On the 25th of May 2019, 2-5pm, London’s Southbank will transform again into a hub of scientific learning and discussion, as some of London’s leading scientists take to their soapboxes to showcase their science to the general public. The event’s mission remains the same: to help eliminate gender inequality in science by raising the profile, and challenging the public’s view, of women and non-binary people in science. The event is free. If you’d like to see what Soapbox Science looks like in action, have a look at the Soapbox Science 2015 video
We couldn’t run this London event without the generous logistical and financial support of our sponsors. Our London events have been supported from the start by the L’Oreal UNESCO For Women In Science Scheme and the Zoological Society of London. This year’s London event is sponsored by UCL and Overleaf.
Read the blog by Overleaf here
Details of the location and timing of the event
Date: Saturday 25th May 2019
Address: Observation Point, Riverside walkway (by Gabriel’s Wharf)
South Bank, London, SE1 9PP
Time: 2pm – 5pm
Volunteer with Soapbox Science London
Are you passionate about science and love talking to people about it? Do you want to help raise awareness about gender equality in science careers? Soapbox Science London is looking for volunteers to help out at their event on 25th May 2019!
Soapbox Science is not just about the speakers. Without a supportive team of committed, enthusiastic people, a Soapbox event simply cannot happen. Each event relies on an animated team of up to 20 volunteers.
Join us for an afternoon of fun, informal and inspiring science and help challenge ideas about who can be a scientist!
Find out more and sign up here
Selected from a competitive pool of researchers, our 12 speakers will be sharing their work in technology, science, medicine and engineering. The speakers and their discussion topics are:
Professor Frances A Edwards, University College London “It takes two to tangle; scientists trying to understand Alzheimer’s disease”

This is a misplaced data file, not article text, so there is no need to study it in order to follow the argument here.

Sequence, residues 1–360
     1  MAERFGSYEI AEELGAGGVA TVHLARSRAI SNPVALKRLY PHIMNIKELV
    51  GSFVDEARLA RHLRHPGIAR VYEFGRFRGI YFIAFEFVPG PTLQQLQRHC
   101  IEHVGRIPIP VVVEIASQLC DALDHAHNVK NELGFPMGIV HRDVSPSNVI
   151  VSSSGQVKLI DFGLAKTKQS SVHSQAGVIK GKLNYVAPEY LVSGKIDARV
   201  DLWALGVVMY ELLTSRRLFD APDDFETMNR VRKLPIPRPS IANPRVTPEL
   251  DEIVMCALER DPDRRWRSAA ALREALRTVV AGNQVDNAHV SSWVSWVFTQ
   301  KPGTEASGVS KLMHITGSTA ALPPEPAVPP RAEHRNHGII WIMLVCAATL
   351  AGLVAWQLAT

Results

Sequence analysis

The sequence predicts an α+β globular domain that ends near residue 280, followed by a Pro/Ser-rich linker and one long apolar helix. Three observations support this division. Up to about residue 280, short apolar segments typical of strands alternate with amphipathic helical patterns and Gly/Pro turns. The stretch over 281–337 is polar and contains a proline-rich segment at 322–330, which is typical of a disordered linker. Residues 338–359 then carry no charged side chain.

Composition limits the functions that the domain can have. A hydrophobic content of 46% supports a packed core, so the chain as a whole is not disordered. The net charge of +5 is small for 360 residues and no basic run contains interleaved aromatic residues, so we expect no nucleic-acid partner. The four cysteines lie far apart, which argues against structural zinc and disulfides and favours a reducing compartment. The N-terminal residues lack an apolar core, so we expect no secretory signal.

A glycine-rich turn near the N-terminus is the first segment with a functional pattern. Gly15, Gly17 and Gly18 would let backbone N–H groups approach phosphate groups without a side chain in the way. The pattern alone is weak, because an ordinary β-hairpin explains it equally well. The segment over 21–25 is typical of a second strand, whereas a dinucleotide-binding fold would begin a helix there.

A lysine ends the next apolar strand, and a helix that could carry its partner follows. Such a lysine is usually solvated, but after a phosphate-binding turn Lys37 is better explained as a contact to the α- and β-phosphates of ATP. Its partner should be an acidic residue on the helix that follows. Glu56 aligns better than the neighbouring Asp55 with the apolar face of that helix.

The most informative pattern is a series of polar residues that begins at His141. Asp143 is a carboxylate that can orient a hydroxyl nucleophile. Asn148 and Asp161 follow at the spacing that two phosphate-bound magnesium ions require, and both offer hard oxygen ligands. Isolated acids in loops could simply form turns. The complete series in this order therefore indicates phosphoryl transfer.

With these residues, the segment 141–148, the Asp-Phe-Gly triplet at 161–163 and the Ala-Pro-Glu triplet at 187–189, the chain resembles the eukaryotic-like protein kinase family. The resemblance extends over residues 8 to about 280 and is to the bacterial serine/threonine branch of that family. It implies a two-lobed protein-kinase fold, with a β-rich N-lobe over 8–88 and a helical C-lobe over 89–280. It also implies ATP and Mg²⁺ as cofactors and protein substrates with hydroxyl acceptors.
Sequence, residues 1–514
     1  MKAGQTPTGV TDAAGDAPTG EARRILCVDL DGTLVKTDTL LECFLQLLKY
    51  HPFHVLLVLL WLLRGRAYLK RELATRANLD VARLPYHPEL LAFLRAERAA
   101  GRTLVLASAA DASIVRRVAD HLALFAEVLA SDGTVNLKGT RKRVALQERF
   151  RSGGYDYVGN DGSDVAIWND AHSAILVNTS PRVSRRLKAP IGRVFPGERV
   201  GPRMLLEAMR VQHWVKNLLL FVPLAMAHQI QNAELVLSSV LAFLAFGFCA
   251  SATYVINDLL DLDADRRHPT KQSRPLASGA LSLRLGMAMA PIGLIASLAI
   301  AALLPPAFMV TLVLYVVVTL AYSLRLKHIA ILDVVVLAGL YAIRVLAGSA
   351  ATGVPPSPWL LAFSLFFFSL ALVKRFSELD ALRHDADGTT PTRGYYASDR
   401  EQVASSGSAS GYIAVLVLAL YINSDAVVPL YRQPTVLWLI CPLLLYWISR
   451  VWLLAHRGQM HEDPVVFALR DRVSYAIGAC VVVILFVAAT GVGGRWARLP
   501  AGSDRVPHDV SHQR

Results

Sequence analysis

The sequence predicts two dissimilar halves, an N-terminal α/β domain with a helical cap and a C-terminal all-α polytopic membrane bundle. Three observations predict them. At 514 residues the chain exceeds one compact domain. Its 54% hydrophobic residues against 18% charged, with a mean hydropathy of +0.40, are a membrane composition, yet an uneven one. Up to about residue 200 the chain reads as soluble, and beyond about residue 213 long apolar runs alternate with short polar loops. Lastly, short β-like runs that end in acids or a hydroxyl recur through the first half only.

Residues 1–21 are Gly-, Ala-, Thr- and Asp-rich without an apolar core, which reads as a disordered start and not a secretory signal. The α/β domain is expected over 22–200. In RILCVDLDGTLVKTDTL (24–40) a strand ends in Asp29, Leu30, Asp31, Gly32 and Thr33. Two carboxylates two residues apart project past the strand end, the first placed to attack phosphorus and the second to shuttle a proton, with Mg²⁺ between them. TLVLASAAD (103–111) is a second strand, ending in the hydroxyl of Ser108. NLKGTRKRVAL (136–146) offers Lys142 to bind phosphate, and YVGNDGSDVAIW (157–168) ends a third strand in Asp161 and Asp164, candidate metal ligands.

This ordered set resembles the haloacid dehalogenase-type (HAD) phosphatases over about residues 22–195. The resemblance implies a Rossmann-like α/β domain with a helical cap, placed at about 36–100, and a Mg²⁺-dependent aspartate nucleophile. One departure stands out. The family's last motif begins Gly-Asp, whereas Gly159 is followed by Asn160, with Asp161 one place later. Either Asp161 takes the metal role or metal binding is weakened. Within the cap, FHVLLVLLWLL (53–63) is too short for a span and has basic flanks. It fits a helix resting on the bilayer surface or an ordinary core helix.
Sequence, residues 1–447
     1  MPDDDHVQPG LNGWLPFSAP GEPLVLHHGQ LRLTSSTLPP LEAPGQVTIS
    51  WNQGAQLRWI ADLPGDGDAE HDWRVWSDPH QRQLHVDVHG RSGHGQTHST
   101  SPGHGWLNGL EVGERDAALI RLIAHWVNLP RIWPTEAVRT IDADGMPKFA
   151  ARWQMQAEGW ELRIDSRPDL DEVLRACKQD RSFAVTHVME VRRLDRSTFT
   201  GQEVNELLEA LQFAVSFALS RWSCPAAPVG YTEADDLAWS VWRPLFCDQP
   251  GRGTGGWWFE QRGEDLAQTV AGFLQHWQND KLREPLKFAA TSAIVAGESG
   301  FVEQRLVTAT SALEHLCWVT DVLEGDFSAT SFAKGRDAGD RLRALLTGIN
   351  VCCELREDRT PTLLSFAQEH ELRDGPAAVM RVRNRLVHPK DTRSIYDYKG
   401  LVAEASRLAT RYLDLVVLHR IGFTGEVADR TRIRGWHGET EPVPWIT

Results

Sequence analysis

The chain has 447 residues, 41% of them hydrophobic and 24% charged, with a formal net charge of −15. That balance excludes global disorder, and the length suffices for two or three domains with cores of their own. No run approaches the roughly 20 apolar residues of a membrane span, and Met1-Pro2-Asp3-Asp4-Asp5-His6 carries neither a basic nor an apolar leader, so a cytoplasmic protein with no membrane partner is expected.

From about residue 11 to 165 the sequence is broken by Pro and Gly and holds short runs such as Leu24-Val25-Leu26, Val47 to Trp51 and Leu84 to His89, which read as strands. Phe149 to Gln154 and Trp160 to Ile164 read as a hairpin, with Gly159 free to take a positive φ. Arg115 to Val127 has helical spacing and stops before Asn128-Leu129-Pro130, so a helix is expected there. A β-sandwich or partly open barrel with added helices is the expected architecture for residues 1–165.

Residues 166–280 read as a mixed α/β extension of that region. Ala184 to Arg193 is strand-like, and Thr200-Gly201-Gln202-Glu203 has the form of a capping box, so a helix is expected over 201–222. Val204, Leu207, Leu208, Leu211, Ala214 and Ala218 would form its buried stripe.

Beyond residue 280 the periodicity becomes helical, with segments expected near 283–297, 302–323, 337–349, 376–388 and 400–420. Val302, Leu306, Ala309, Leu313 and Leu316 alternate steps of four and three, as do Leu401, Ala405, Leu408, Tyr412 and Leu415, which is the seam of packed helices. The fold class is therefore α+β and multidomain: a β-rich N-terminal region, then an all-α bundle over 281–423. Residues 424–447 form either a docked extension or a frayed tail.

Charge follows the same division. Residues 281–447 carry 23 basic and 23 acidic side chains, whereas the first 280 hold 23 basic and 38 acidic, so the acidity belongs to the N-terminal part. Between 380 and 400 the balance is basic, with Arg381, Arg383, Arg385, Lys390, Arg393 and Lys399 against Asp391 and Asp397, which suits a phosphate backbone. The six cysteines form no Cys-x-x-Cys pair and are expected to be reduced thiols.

Henrike Schulte to Bühne (@henrike_stb), Zoological Society of London/Imperial College London “Big Brother Ecology: How satellites help us understand the natural world”
Dr Eleanor Jennings (@EJennings_geo ), Birkbeck, University of London “Giant impacts and magma oceans: Learning about the Earth’s formation through experiments on tiny planets”
Dr Danielle Solomon (@df_solomon), Institute for Global Health, University College London “Using research to understand sexual health”
Valentina Marconi (part of @LPI_Science), Zoological Society of London “Crunching the numbers of biodiversity”
Dr Ameenat Lola Solebo (@lolaeyedoc), UCL GOS Institute of Child Health and NIHR Moorfields BRC “Improving outcomes for children with rare eye disease”
Kathryn Coldham (@Kathryn_Coldham), Brunel University London “How is the Large Hadron Collider at CERN being used to learn more about the top quark?”
Dr Sudaxshina Murdan (@sudaxshina), School of Pharmacy, University College London “Medicines for nails: varnish? Patch? UV gel? What would you choose?”
Theresa Robinson (@snorkel_maiden), Zoological Society of London/University of Reading “Three’s a crowd? Mating system diversity in the Mauritius Fody”
Eugenia Pyurbeeva (part of @lab_mol), Queen Mary University of London “Heat engines: from steam trains to using quantumness as a resource”
Dr Jana Hutter (@janahutter), King’s College London “Physics and Placentas – unexpected colorful connections!”
Dr Dilek Ozgit Butler (@dozgit), Zinergy UK LTD “The power behind next generation consumer electronics”
Discover our 2019 speakers: